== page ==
Journal of Occupational Health and Safety - Australia and New Zealand, June 2009, Vol.25, No.3, p.197-208. Illus. 23 ref.
National Code of Practice for precast, tilt-up and concrete elements in building construction
The National Code provides practical guidance for employers and employees on ways to effectively manage the risks associated with using tilt-up and precast concrete elements in building construction. Contents: introduction; duty holder responsibilities; risk management; design considerations; fabrication and casting; handling, storage and transport; erection process.
Safe Work Australia, GPO Box 641, Canberra ACT 2601, Australia, 2008. 89p. Illus.
http://safeworkaustralia.gov.au/AboutSafeWorkAustralia/WhatWeDo/Publications/Documents/245/CodeOfPractice_PrecastTiltUpandConcreteElementsBuildingConstruction_2008_PDF.pdf [in English]
Gerdes A., Oehmischen D., Süssmuth J., Raunitschke D.
New strategies for the development of preventive surface protection measures
Neue Strategien für die Entwicklung präventiver Oberflächeschutzmassnahmen [in German]
Following a historical review of protective coatings in construction from ancient times until today, new systems, based on nanotechnology, which create a hydrophobic barrier on concrete are presented. Such coatings, mainly based on silanes, prevent pollutants from penetrating the concrete and attacking its surface.
Tiefbau, Oct. 2008, Vol.120, No.10, p.621-630. Illus. 22 ref.
Magnani C., Ferrante D., Barone-Adesi F., Bertolotti M., Todesco A., Mirabelli D., Terracini B.
Cancer risk after cessation of asbestos exposure: A cohort study of Italian asbestos cement workers
This study examines the mortality for asbestos-related diseases and the incidence of mesothelioma in a cohort of Italian asbestos cement workers after cessation of asbestos exposure. The factory operated from 1907 to 1986. The cohort included 3,434 subjects active in 1950 or hired in 1950-86. Local reference rates were used for both mortality and mesothelioma incidence. Mortality was increased in both sexes for all causes, pleural and peritoneal malignancies and lung cancer. In women, ovarian and uterine malignancies were also in excess. No statistically significant increase was found for laryngeal cancer. This study of a cohort of asbestos exposed workers with very long follow-up confirmed the reduction in risk of death from lung cancer after the end of exposure. It also showed a different risk pattern for pleural and peritoneal mesothelioma: a reduction in risk for pleural mesothelioma with over 40 years of latency, while risk for peritoneal mesothelioma showed a continuing increase.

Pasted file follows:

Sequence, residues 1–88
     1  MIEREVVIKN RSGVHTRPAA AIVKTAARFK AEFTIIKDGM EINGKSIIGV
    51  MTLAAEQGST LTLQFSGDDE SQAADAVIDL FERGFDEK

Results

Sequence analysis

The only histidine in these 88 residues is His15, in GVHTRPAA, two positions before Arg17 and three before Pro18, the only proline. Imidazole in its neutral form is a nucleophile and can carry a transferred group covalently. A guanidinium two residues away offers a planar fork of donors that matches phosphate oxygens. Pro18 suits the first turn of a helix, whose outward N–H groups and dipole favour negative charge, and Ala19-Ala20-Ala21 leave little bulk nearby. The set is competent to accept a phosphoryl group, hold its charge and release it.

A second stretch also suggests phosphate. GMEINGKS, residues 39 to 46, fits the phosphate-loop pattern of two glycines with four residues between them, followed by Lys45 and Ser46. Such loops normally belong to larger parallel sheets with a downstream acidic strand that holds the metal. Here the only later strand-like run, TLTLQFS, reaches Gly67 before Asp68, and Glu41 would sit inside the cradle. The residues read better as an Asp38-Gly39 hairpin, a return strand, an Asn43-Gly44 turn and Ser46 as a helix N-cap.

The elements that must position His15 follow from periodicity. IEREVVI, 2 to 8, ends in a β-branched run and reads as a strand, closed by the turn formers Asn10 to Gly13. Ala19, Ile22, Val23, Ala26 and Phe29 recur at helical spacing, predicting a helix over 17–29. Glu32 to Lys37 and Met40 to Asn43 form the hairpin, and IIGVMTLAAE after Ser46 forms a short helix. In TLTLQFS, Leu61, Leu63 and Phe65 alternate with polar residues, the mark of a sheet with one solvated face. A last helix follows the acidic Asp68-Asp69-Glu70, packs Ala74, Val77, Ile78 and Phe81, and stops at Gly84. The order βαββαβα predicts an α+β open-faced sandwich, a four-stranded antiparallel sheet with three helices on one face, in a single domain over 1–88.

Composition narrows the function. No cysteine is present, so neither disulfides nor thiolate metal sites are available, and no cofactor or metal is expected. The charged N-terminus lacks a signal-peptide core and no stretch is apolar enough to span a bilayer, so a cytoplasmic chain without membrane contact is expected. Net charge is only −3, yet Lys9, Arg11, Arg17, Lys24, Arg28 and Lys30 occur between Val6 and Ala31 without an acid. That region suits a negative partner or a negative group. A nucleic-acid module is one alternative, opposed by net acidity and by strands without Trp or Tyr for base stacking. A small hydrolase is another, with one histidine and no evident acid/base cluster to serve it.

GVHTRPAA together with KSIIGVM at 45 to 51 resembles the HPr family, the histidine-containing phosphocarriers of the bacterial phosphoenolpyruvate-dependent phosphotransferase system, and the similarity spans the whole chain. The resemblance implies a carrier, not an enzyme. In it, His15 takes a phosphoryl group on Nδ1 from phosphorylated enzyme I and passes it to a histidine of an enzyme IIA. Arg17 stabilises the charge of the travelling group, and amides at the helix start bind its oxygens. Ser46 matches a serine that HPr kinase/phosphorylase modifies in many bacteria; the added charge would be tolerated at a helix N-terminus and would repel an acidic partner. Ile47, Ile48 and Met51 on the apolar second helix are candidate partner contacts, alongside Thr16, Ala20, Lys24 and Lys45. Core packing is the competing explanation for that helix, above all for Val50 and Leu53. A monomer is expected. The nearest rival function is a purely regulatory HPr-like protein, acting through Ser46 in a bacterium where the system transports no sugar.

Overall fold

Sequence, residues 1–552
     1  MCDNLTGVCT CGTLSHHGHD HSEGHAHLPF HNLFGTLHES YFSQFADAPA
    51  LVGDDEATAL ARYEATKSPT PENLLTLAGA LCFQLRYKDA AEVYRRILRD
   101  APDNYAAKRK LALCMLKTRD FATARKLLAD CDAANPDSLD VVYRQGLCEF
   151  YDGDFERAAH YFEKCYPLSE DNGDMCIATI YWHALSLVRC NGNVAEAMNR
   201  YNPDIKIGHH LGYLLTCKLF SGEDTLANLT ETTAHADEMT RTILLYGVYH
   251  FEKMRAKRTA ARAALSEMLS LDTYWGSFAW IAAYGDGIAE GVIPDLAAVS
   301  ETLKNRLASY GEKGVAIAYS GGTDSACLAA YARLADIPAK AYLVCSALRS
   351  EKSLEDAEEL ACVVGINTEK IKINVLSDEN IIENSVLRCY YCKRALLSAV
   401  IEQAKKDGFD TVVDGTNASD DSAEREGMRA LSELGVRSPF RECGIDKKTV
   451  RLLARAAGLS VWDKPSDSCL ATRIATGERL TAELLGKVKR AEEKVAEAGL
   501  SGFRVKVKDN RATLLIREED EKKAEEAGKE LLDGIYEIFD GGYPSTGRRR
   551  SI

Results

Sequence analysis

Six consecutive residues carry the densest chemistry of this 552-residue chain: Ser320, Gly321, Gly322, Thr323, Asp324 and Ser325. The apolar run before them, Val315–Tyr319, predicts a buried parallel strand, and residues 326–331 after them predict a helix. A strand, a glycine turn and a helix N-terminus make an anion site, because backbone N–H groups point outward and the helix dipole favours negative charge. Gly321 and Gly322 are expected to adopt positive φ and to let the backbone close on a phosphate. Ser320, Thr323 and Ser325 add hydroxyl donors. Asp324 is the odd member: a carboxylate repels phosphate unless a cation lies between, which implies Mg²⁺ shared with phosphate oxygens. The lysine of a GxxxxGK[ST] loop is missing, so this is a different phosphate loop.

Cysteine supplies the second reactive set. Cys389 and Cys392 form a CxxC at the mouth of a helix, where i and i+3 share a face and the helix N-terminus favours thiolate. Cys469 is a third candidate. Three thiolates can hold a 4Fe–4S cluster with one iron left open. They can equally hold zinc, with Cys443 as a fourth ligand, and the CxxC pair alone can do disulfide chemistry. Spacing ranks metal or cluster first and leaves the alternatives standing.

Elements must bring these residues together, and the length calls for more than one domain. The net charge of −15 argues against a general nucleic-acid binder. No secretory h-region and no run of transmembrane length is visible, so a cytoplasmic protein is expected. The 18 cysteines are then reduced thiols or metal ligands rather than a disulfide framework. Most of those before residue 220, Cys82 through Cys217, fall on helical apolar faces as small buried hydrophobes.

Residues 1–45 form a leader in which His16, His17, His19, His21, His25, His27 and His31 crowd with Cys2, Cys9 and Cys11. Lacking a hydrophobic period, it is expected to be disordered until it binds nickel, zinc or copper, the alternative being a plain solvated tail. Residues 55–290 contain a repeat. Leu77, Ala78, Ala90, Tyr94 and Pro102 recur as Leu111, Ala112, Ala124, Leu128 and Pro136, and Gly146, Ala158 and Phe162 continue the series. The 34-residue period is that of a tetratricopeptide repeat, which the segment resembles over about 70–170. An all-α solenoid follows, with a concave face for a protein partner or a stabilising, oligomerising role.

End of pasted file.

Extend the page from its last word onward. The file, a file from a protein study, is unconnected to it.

Occupational and Environmental Medicine, Mar. 2008, Vol.65, No.3, p.164-170. 36 ref.
Meo S.A., Rasheed S., Khan M.M., Shujauddin S., Al-Tuwaijri A.S.
Effect of cement dust exposure on phagocytic function of polymorphonuclear neutrophils in cement mill workers
The aim of this case-control study was to measure the phagocytic activity of polymorphonuclear neutrophils (PMNs) in cement plant workers by assessing their chemiluminescence (CL) response. A total of 50 volunteer males, aged 25-60 years, apparently healthy and nonsmoking, were randomly selected among cement plant workers in Saudi Arabia. These workers were further classified into subgroups based on exposure duration of less than 10, 10-20, and more than 20 years. The controls were 50 healthy, nonsmoking, males who matched the study group with respect to age, height, weight and socioeconomic status. A significant decrease in phagocytic activity of PMNs was found in cement mill workers compared to controls.
International Journal of Occupational Medicine and Environmental Health, 2nd Quarter 2008, Vol.21, No.2, p.133-139. 23 ref.
Chou T.C., Chang H.Y., Chen C.J., Yu H.S., Wu J.D., Sheu S.C., Shih T.S.
Effect of hand dermatitis on the total body burden of chromium after ferrous sulfate application in cement among cement workers
Ferrous sulfate has been added to cement to reduce the prevalence of dermatitis in workers. The objective of this study was to compare the urinary chromium levels before and after ferrous sulfate addition among cement workers with or without hand dermatitis. Thirty-five male workers were recruited in this study for two consecutive years: 2003 without using ferrous sulfate and 2004 after adding ferrous sulfate. Urinary chromium was used as a biomarker to estimate the total body burden of chromium. Urinary chromium concentration showed significant decreases after ferrous sulfate addition. Furthermore, a larger decrease of urinary chromium was observed among workers with hand dermatitis. It is concluded that ferrous sulfate decreases the total body burden of chromium, especially among workers with severe hand dermatitis.